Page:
A Note to the Reader
I am delighted to welcome Morissa Rubin to the blog on World Read Aloud Day to talk about her amazing new picture book, Dot, Dot, Polka, Dot! Read on to learn how you can use it in your classroom.
Teaching Dot, Dot, Polka Dot
Tell us about your book.
Dot, Dot, Polka Dot, explores a world of polka dots, paisleys, plaid, and stripes from cultures near and far. Put them all together and you get a very colorful quilt, and a delightful book for young readers.
What do you hope young readers will take away from your book?
On a literal level, I hope readers will become observant of the world around them, seeing patterns where they didn’t before. On a metaphorical level, I hope readers might feel that each piece (or person) can be distinct and make a complimentary contribution to something.
Dot, Dot, Polka Dot can be used in a classroom to introduce a variety of concepts including visual literacy, mathematics, cultural identity and community. Each page spread introduces a different fabric pattern. Here’s a little bit about how:
Patterns are predictable arrangements of things. Things can be repeated to make a pattern. Patterns can also be made from recording observed growth or change. The repetition and predictability of patterns can be used to teach mathematical expressions. Spatial concepts are introduced and used to describe the patterns: under, over, (a)round and in rows.
Some of the fabric patterns in this book are specific to different geographic areas and cultures. These fabric types can be used to teach how different cultures express themselves. One of the most recognizable example of an African woven textile is Kente cloth from Ghana. Batik, a resist wax dye technique originated in Java, Indonesia. Molas are made from a traditional applique process from the San Blas Islands that are off the coast of Panama. Found in ancient Japanese tombs, the Uroko triangle pattern are inspired by the scales of fish, dragons or sharks and are said to have protective powers.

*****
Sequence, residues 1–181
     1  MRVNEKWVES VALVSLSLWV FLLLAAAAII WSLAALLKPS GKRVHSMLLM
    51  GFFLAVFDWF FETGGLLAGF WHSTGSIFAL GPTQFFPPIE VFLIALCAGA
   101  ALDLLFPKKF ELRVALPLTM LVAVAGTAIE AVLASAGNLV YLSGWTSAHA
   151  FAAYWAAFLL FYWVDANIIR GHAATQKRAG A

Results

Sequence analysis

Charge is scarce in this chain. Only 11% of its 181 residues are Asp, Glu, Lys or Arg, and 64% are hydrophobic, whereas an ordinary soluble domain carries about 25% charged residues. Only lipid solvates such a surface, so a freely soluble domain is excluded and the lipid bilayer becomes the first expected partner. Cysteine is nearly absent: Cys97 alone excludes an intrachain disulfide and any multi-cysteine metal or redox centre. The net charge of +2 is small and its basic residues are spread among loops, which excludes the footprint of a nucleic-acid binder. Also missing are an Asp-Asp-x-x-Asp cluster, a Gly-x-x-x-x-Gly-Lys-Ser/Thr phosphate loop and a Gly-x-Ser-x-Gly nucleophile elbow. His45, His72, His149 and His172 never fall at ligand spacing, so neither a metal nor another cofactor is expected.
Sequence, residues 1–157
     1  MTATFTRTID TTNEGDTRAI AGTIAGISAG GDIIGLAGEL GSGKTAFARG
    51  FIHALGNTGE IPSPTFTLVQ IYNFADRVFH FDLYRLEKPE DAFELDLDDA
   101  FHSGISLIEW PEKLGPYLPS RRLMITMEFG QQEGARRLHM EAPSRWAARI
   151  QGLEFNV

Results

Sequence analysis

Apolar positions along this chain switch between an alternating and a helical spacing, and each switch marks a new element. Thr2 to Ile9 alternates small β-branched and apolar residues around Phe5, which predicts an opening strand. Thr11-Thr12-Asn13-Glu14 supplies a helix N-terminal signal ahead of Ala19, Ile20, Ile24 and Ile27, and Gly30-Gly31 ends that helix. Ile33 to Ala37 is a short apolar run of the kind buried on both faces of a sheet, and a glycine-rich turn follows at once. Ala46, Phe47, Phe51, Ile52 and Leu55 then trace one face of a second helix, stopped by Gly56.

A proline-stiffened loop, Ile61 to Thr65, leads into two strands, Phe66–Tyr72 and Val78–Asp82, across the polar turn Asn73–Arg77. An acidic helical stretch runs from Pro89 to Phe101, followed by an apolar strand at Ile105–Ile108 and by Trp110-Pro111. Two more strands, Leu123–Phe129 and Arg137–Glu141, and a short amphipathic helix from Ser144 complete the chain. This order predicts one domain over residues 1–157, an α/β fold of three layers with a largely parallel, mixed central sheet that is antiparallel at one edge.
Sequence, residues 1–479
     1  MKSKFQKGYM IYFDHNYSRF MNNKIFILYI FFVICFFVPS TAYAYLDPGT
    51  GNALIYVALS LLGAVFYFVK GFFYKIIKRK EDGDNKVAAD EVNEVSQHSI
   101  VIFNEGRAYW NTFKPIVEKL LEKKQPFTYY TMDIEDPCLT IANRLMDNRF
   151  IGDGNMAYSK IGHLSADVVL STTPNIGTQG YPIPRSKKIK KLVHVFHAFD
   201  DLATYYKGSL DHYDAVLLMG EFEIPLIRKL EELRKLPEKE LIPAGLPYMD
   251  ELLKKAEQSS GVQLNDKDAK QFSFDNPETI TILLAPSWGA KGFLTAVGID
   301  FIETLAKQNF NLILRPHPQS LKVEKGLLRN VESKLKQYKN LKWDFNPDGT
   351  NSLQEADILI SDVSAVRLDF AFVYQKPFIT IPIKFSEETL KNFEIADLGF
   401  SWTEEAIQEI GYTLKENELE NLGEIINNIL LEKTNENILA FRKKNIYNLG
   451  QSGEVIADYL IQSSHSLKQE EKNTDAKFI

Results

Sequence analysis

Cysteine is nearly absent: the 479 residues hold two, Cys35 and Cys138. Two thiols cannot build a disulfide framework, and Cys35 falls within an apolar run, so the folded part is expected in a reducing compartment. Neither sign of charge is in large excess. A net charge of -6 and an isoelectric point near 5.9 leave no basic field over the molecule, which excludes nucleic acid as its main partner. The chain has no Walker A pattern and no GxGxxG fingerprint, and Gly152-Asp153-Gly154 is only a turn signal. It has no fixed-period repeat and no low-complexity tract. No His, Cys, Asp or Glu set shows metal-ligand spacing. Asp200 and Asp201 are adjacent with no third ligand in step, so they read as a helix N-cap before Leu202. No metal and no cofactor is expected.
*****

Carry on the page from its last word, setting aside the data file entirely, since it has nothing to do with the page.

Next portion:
Quilts are projects that often literally bring people together. A single quilt made be made up of different pieces and by different people. A quilt can also be a metaphor for unity as the separate and unique pieces come together to make a unified whole.
Lessons for Learning
- Which patterns in this book did you like most? Can you draw your own version of that same pattern?
- Patterns can be observed everywhere, in both nature and in our man-made world. Do you see any patterns from where you are sitting? Can you draw them? Can you make your pattern fill different kinds of shapes? What new pattern can you make by changing one part of your pattern?
- Teaching pairs and matching patterns: Using pairs of unmatched patterned socks, find each sock’s partner. How did you know which ones went with each other?
Building Community Activities
- Can you make a paper quilt? How can you organize the different pieces and patterns so that they work well together?
- Can you think of a theme for a quilt? How does each piece fit into the theme?
Picture Books that work well with Dot, Dot, Polka Dot
Book about patterns, colors and shapes:
pitter pattern by Joyce Hesselberth
A Pair of Socks by Stuart J. Murphy
Dots, Spots, Speckles and Stripes by Tana Hoban
I See a Pattern Here by Bruce Goldstone
Books about shared experiences and cultures:
At the same moment around the world by Clotilde Perrin
You and me and everybody else by Marcos Farina
Same, Same but Different by Jenny Sue Kostecki-Shaw
Books about quilts:
The All-Together Quilt by Lizzy Rockwell
The Keeping Quilt by Patricia Polacco
About the author. Morissa Rubin is a graphic designer who thinks polka dots, paisleys and plaid are better together. She received her BFA from RISD and her MS from MIT’s Visible Language Workshop. Morissa lives in Sacramento where she teaches typography and other design courses at UC Davis and Sac State. Her debut board book is Dot, Dot, Polka Dot.